A handwritten note from 33 miners who survived a disaster in Chile offered hope to miners throughout the world in the midst of a chilling crisis.

Now, West Virginia University researchers are crafting and bombarding a shelter that could increase the likelihood of similar notes from future trapped miners.

Click to hear Dr. Hota GangaRao describe some of the features and specifics of WVU's safe house and predicts it will save lives.

[ Click to listen ]

The shelter, designed to withstand explosions and fires in addition to protecting miners from harmful gases, underwent its latest round of successful testing Tuesday (Aug. 24).

The test exposed the “Guardian Angel” shelter to flames to simulate an underground fire while sensors inside monitored air quality and temperature. Earlier testing subjected the enclosure to explosions and crushing weights, simulating a collapse.

Hota GangaRao, a civil engineering professor and director of the WVU Constructed Facilities Center, is the lead researcher on the project. Working with him are John Zondlo, professor of chemical engineering, and David Rice, a consultant.

GangaRao and his colleagues began developing the shelter after the 2006 Sago disaster that killed 12 and led to new federal regulations requiring mine shelters and other increased safety measures.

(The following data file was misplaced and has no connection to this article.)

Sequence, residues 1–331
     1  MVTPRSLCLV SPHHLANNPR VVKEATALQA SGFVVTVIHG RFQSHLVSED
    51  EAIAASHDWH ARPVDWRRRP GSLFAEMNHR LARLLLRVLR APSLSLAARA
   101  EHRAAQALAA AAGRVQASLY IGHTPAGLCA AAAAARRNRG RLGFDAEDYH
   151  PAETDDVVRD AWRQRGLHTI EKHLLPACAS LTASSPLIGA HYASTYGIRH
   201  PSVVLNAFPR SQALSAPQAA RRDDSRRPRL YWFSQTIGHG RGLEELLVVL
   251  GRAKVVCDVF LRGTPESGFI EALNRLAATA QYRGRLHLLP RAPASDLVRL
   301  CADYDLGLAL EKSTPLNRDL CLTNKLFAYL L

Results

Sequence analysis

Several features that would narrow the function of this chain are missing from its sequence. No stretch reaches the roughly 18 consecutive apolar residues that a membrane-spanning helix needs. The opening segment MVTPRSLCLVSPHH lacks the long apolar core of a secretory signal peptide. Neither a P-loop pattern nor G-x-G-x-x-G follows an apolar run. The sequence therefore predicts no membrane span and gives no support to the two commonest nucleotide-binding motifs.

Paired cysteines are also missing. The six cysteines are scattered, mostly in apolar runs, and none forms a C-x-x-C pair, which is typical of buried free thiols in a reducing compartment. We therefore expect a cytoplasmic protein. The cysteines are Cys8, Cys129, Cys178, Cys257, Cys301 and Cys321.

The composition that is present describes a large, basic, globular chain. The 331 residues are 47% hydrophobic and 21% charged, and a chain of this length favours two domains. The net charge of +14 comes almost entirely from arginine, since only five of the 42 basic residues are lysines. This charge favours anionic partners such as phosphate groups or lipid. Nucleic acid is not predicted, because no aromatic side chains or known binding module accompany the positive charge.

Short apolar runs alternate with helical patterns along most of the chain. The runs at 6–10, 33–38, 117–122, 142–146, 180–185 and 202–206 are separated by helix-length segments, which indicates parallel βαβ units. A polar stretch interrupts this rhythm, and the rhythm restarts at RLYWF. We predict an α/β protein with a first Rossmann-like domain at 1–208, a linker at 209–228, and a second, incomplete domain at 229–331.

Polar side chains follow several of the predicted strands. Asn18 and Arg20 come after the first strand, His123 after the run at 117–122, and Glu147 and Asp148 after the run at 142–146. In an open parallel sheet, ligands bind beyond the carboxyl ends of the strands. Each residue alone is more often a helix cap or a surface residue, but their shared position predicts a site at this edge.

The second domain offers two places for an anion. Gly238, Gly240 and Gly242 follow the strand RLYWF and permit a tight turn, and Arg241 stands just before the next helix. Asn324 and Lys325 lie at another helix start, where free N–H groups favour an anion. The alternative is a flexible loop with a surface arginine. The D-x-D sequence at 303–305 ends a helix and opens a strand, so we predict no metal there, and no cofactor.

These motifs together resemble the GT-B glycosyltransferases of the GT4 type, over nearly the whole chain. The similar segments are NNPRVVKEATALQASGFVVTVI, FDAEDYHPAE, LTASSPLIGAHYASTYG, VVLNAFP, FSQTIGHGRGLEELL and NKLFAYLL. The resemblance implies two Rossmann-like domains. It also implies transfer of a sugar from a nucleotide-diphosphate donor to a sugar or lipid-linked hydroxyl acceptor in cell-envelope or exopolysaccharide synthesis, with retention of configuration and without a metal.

GangaRao said shelters currently in place in West Virginia mines are mostly tent-like structures designed to protect miners against carbon monoxide, while the ones undergoing testing by his research team are designed to also withstand explosions and fires and to meet new and more stringent federal regulations that will go into effect in 2013.

“There is no doubt that this shelter could have saved lives at Sago and that it can save lives in the future,” said GangaRao.

Hear Dr. GangaRao describe the development of safe houses and explain the advantages of WVU's design and talk about the success of the most recent test.

[ Click to listen ]

The 5-foot-high by 8-foot wide and 24-foot-long steel structure has food, safety equipment and other items to keep 10 miners safe for four days.

All of the testing conducted thus far has been very successful, GangaRao said. More testing lies ahead, including placing people inside the chamber to live.

The researchers hope to complete testing in the next two months. Trinity Resources of Eleanor, W.Va., will manufacture and market the shelters once they receive federal approval.



CONTACT: Nicole Riggleman, College of Engineering and Mineral Resources
(304)293-4257; Nicole.riggleman@mail.wvu.edu

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